BLE offers the most comprehensive opportunity to see the U.K.'s art, heritage and museum brands. It's a licensing business model that is most developed in the U.K. with the V&A appropriately at the leading edge. The V&A will bring '50s chic to the show this year, with an eye-catching exhibition of textile designs from the 1940s and 1950s, including the Horrockses Fashion Archives. Prints and patterns from the archive have already been transformed into '50s-style dresses and accessories for the V&A shop, where they have sold out immediately, and the archive is presented here as an inspiration for potential fashion and homewares licensees.
V&A Licensing encourages licensees to embark on contemporary design inspired by its collections, rather than asking them to reproduce objects or existing designs. "Now we are getting into the psyche of retailers and we want to make sure retailers in each category know what we are doing. We are also keen to find partners in accessories and ladies apparel," says Lauren Sizeland, V&A's director of business development and licensing.
Other heritage brands exhibiting at BLE include the Science Museum (called the NMSI), the Natural History Museum, The Museum of London, The Royal Horticultural Society and The Royal Parks, which debuts this year with an interesting proposition. Heather Carr, brand and product development manager at The Royal Parks, explains: "This brand encapsulates the eight different royal parks and what their millions of visitors do in them. Outdoor activity is our speciality." Some 37 million people visit the parks (most of which are in London) each year for a variety of reasons, from tending allotments to jogging, reading, sports, eating and drinking.
There is no design or art archive, so Royal Parks has worked with a design consultant to create seasonal surface patterns that can be used with the Royal Parks logo and applied to products. The first T-shirt licensee already sells products on site. Talks are under way with dining, outdoor eating, clothing, accessories and gifts companies, and BLE will be an opportunity to promote the brand to other partners.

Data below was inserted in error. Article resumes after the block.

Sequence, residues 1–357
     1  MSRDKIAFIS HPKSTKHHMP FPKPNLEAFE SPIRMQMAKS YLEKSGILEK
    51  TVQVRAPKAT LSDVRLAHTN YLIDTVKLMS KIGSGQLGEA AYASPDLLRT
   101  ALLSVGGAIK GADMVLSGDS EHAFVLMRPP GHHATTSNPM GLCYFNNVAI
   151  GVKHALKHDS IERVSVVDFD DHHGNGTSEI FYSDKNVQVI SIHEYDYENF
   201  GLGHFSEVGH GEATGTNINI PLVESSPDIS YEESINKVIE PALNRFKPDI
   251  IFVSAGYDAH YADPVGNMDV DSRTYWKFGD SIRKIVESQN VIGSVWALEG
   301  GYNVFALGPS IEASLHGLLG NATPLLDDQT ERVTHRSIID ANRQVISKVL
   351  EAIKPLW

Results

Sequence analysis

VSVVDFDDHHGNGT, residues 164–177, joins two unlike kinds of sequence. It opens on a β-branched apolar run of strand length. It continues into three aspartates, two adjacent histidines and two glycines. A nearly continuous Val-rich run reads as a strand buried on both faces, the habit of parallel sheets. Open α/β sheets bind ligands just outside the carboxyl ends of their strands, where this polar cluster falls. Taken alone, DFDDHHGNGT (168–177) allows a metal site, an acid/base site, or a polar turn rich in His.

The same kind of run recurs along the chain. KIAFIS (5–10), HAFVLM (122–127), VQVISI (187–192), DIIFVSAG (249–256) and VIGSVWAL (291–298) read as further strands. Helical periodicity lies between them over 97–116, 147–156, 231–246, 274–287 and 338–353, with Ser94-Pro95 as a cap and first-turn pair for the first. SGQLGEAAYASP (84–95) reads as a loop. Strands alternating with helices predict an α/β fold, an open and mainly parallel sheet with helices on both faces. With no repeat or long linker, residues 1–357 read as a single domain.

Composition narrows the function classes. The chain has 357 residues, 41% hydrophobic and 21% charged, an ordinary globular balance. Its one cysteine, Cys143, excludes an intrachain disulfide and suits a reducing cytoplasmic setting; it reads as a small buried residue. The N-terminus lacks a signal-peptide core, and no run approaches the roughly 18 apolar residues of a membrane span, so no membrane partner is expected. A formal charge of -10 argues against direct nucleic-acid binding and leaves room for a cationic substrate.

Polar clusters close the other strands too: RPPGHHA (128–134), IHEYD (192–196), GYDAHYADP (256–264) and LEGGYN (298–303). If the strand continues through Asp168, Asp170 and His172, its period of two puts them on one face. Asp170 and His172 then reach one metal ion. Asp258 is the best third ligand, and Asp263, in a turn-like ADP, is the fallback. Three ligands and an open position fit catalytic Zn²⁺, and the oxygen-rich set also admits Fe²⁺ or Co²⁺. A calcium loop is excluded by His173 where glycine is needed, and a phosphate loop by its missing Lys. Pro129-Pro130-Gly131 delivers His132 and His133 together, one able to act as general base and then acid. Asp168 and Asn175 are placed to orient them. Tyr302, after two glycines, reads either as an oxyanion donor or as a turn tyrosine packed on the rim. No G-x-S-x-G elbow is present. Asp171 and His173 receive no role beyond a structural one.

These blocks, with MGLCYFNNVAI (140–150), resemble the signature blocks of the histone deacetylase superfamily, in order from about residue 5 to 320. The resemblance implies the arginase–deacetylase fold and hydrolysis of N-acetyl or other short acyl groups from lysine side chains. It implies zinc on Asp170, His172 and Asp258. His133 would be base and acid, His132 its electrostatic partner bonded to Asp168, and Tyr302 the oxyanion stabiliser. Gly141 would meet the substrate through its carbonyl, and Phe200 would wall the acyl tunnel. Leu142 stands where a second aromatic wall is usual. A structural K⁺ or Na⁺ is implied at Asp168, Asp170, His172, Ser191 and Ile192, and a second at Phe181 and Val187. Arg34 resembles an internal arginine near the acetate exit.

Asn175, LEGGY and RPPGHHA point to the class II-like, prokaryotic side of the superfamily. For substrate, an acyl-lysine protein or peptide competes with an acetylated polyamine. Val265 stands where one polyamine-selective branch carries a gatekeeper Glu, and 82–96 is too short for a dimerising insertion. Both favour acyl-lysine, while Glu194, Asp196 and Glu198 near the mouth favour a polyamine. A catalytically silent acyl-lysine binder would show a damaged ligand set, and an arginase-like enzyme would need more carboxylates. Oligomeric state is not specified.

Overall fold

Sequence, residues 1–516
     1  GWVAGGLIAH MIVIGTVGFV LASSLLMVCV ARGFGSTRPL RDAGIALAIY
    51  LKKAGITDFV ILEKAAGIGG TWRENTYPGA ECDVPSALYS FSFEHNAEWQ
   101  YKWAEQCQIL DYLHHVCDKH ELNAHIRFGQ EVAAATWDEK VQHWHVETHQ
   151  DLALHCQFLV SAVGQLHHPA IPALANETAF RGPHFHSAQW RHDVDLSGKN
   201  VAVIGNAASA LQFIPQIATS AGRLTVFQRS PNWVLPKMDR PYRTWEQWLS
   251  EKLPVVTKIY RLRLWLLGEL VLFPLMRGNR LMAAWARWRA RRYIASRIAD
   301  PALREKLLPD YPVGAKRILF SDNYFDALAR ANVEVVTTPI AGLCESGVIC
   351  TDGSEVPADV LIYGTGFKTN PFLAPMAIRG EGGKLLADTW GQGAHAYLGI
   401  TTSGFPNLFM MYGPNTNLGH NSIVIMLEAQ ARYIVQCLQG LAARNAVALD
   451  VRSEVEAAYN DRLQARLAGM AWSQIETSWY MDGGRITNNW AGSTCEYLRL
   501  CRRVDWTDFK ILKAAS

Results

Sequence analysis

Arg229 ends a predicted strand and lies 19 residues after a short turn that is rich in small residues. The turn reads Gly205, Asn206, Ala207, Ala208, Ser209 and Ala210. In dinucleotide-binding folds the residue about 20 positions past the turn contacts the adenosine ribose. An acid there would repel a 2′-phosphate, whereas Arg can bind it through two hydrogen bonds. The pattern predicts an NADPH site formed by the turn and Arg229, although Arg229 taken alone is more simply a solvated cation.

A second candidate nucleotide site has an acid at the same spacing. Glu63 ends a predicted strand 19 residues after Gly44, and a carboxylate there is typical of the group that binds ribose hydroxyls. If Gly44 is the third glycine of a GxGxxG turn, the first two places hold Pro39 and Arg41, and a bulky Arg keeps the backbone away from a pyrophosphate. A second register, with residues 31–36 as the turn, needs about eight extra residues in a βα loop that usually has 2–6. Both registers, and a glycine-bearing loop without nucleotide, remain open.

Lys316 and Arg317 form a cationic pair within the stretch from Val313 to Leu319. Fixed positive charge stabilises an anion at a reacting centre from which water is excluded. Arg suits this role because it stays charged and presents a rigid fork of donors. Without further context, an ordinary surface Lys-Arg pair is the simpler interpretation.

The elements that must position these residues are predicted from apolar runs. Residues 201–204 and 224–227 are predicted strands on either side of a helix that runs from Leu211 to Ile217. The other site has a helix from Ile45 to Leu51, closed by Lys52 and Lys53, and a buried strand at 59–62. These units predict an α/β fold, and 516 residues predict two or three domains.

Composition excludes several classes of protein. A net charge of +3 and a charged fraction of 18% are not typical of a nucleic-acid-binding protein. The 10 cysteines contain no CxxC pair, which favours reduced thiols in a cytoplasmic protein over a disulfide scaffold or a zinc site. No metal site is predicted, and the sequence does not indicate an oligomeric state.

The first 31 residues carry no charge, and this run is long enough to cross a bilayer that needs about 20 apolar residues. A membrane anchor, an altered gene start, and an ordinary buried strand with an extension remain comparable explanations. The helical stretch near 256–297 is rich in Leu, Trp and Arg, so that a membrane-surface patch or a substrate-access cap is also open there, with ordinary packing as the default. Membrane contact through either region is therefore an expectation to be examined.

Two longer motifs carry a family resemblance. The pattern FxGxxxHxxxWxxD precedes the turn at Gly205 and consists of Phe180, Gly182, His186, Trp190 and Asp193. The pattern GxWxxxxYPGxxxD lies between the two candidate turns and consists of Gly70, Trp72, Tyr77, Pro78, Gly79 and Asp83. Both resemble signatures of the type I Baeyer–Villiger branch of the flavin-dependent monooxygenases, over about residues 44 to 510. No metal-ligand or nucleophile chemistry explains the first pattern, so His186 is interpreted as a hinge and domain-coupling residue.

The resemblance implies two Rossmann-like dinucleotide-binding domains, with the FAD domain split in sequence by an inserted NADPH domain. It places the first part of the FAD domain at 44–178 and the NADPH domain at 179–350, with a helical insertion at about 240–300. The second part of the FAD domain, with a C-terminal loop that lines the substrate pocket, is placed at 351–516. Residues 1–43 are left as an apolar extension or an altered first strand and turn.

"We want to inspire people with what the Royal Parks brand is all about, explain the identity and demonstrate the clear space between us and other similar brands," says Carr.
BLE will host at least 57 art and design exhibitors this year. One to watch is Belgian-born designer, Dominique Vari, who left a successful career in marketing to launch a distinctive design brand of her own called Wild About Words. It's a versatile concept using words, type and colour to form stylish and witty images that are instantly appealing, but also respond to closer inspection. The brand is distributed as a card range published by CardMix and is available as a print range.
"I use my computer mouse as an artist would use a brush," she says. At Brand Licensing Europe, Vari will demonstrate how Wild About Words can be implemented across different products and categories, in particular for fashion partners.
Later this year, she will launch another collection called Rubies in the Dust. It celebrates women's love affair with fashion, but with a twist, by using discarded materials and packaging to create recycled frocks. CardMix will launch a card range in May.